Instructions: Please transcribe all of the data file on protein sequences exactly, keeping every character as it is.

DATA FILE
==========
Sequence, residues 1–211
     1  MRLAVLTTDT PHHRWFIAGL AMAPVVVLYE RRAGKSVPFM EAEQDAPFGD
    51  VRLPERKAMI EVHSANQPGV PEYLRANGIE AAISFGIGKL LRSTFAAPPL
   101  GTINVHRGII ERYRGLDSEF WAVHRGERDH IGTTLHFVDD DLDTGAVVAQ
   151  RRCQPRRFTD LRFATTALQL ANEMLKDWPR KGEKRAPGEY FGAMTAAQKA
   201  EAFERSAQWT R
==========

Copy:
Sequence, residues 1–211
     1  MRLAVLTTDT PHHRWFIAGL AMAPVVVLYE RRAGKSVPFM EAEQDAPFGD
    51  VRLPERKAMI EVHSANQPGV PEYLRANGIE AAISFGIGKL LRSTFAAPPL
   101  GTINVHRGII ERYRGLDSEF WAVHRGERDH IGTTLHFVDD DLDTGAVVAQ
   151  RRCQPRRFTD LRFATTALQL ANEMLKDWPR KGEKRAPGEY FGAMTAAQKA
   201  EAFERSAQWT R